I would go further though, and suggest Westminster will also need to transfer powers currently devolved to the Scottish Parliament to the Scotland Office for the purpose of agreeing trade deals, and circumnavigating the Scottish Parliament’s consent.

This will clearly lead to both a post-Brexit trade and constitutional crisis for the UK, in Scotland and Northern Ireland in particular.

However, in the last week or so I have detected a growing understanding of the level of damage Brexit will do to Scotland’s economy and also a change within the ranks of Labour in Westminster.  My evidence went down like a lead balloon with the Conservative MPs on the committee, but the Labour MPs jumped on it, asking multiple open-ended questions to allow me to get my points across in detail. Afterwards they stated that the evidence proved the need to protect devolution and give the devolved administrations the power to offer or withhold consent to the Brexit bills.

If UK Labour MPs are able to step up and support the right amendments, even if their own leader appears to be unconvinced, then an EFTA-style trade deal with the EU is within reach. That would mean no hard borders in Ireland or Scotland after independence, and force Unionists to go into the next independence referendum arguing that a deliberate 5 per cent fall in GDP is a price worth paying to be ruled by a Westminster parliament that is now wilfully economically oppressing our nation.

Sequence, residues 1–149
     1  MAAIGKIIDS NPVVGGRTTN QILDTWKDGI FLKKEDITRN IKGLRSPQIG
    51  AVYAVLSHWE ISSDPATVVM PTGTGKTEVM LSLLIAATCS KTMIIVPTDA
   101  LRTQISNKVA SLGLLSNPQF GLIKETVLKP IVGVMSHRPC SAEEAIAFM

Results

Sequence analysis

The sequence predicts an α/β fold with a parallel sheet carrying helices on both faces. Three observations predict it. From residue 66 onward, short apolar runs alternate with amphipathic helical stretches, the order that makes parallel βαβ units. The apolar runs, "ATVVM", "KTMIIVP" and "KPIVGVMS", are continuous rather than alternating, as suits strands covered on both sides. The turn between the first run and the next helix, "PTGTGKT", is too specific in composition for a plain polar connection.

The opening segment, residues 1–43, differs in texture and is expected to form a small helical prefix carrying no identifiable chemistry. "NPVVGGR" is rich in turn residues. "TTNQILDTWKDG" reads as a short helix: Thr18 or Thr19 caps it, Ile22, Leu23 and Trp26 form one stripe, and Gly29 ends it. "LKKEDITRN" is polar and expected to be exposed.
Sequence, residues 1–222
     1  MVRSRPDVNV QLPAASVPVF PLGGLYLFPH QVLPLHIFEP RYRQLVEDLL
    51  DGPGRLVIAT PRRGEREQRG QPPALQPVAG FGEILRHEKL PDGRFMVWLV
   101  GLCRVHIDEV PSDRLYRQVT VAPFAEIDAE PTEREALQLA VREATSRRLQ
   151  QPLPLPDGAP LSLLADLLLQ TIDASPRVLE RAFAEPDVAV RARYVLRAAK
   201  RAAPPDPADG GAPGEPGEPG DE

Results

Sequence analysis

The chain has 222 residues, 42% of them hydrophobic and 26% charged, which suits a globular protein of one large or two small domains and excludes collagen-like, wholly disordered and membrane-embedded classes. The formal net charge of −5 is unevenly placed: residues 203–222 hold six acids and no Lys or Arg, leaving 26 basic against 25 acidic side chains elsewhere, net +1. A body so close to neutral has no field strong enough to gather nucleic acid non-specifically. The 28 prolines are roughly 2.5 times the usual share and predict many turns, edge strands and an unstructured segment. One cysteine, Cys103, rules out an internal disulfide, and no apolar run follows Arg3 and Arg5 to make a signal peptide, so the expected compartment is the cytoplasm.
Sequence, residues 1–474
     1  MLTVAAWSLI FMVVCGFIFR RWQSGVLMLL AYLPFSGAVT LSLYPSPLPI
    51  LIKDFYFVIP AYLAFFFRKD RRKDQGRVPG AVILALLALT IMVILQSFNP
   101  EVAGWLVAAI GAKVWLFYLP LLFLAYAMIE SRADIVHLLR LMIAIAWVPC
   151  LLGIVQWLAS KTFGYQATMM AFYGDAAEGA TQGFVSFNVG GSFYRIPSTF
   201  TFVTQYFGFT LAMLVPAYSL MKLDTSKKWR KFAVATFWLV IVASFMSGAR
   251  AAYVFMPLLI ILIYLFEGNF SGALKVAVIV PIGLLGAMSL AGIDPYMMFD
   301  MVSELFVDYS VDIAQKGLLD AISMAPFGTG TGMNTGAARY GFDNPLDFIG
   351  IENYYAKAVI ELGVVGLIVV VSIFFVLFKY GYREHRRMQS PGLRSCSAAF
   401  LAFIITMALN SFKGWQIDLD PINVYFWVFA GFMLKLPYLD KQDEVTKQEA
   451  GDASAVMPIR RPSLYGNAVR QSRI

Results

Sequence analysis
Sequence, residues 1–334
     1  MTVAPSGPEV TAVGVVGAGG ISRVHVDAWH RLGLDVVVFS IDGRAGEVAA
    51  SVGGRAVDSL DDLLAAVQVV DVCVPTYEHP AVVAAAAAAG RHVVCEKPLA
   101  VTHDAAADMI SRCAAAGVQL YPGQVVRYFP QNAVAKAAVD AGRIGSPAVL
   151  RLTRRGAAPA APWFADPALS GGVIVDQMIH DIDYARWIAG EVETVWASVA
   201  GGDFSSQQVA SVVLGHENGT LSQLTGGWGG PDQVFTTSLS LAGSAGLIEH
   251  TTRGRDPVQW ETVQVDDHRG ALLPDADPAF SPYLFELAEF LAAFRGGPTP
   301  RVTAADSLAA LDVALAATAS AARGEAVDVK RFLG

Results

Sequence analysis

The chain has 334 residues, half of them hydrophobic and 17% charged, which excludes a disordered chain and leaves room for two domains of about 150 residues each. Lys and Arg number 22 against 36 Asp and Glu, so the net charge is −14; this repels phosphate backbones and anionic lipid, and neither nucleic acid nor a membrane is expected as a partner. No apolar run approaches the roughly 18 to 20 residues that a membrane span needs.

They would still need to rip powers from Scotland to negotiate a trade deal with the US for example, and no matter how many spin doctors the Scotland Office hires, they won’t be able to stop more and more people from understanding that Brexit makes independence the top economic opportunity of our generation.


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About the author

Gordon MacIntyre-Kemp